Michaela: [00:10:24] I think also for me, for example, when I'm thinking about Python and Java, cause this is a very concrete example that I'm experiencing things years now is that, you know, there are also not so many resources specifically for people that, you know, have Java knowledge and want to learn pattern, right. As you said, because if I'm aware of that, I could actually transfer some of the concepts and help people. So for me, it would have mean, so when I started Python, right, well, the first thing was I actually started in the Django. So I went to the Django girl's website, which is wonderful. I have to look that up and put them right link down there in the show notes, but. And so they, they walk you through a complete web application and that was wonderful to get me started and, you know, to give me some tools. And I was also getting a lot of really quick positive experience. Right? So I was learning a lot, but I was also making progress. But then from there it was really hard for me because when you go through a normal Python court, it was really boring. And I couldn't, I couldn't drag myself through it because it's like, Oh, this is a data type. And this is a variable and see how we assign something to a variable. Read, this is not a good use of my time. Right. And so I think it has also a little bit to do with being more aware that there should be resources for people that have already some preconceived notions or somewhat models and help them to, you know, hop on to a different language. What do you think about it?
Felienne: [00:11:50] Yeah, I think that's very true. I think there's lots of materials that are aimed at absolute beginners. And you never know who might take your course. So maybe let's just explain the variable just in case. And let's just explain the new, and of course it would be like a combinatorial explosion. If you had to have courses for like python for Java programmers and C for python programmers. So I guess it's hard to develop these things. And actually I just finished a research study where we interviewed. High school teachers, high school, computer science teachers. And we asked them specifically about this and we asked them, Hey, do you take into account a programming language that students already know when they come into class? And it is very, very hard and it's unlikely for various reasons. So sometimes teachers say we don't have time to specifically spend effort on this, or we don't really know what programming language knowledge they already have. So it's very hard to connect to prior knowledge because one kid might've done scratching in elementary school and another might've already done a bit of Python. So it's definitely a recognizable problem with sadly, it's also a hard to fix problem for professional resources for professional programmers. And also for kids that are learning programming in school.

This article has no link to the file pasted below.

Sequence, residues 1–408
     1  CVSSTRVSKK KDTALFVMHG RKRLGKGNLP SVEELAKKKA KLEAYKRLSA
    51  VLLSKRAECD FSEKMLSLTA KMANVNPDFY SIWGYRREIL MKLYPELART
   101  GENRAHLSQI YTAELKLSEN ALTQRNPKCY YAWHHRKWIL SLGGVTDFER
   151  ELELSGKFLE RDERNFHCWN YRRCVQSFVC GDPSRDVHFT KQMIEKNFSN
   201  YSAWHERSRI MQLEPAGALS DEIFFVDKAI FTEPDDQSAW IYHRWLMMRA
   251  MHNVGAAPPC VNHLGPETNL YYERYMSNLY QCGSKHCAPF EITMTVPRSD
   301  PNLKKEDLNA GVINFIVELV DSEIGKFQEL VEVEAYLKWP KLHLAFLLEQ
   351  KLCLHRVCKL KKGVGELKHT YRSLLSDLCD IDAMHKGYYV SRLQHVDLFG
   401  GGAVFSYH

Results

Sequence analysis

Michaela: [00:13:04] I have one. I mean, you're definitely right at the high school. There's also one teacher, you know, and let's say 30 students or 50 students and so on. But I think it's K on the internet, I think it's a similar one with, with all the niches. Right. So niches are now think about like, The, I mean, even though there are only a few, but let's think about how many people there are that know Java didn't want to learn Python. And I think if you think about the internet and if you have a big distribution, like it could be really relevant. I mean, there's programming resources. They're like, they're really. Coming out like weed everywhere. Right? So many people that are jumping on this train to teach others to program it. I think it's maybe some niche that is unexplored from an entrepreneurial perspective to actually make that work.
Felienne: [00:13:53] I think you're definitely right. That as your own struggle is a very recognizable struggle for many people where beginner resources are too slow and boring, but then you also not quite, and ready enough to just start to build something after an intro, like Django girls, something like that hasn't prepared you enough to be a professional Python programmer. So yeah, I think it might be right that there's a, like a market gap there and it's someone could feel.
Michaela: [00:14:19] So in your book, you also talk about reading and understanding code. So not only learning and reading, I mean, reading is one of the things like 60% are a couple of studies that showed it almost 60%, over 60% of our daily work is on reading and understanding code. So how can we get better at that? What are some of the concepts that are things that we have to learn to get better at reading and understanding code?
Felienne: [00:14:44] Yeah, but I describing my book is three different types of
reading code, because I think that as programmers, we don't really read code
that much. And that also means we don't have good strategies for reading codes.
Like if you have to start a project and you probably know a bunch of strategies,
like how am I starting a project? Maybe I'm starting with tests or I'm really
doing a small, minimal viable project. You have some strategies for reading code
sometimes. I want to use a certain library and I go to the GitHub page of the